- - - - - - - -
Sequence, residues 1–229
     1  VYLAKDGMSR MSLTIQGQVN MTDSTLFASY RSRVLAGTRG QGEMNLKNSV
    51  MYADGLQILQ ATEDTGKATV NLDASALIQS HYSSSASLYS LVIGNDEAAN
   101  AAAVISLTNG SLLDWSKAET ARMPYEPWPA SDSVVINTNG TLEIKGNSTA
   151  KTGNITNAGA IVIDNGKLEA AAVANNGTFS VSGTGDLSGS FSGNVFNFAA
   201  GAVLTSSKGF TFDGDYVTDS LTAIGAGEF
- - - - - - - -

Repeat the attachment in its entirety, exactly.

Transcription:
Sequence, residues 1–229
     1  VYLAKDGMSR MSLTIQGQVN MTDSTLFASY RSRVLAGTRG QGEMNLKNSV
    51  MYADGLQILQ ATEDTGKATV NLDASALIQS HYSSSASLYS LVIGNDEAAN
   101  AAAVISLTNG SLLDWSKAET ARMPYEPWPA SDSVVINTNG TLEIKGNSTA
   151  KTGNITNAGA IVIDNGKLEA AAVANNGTFS VSGTGDLSGS FSGNVFNFAA
   201  GAVLTSSKGF TFDGDYVTDS LTAIGAGEF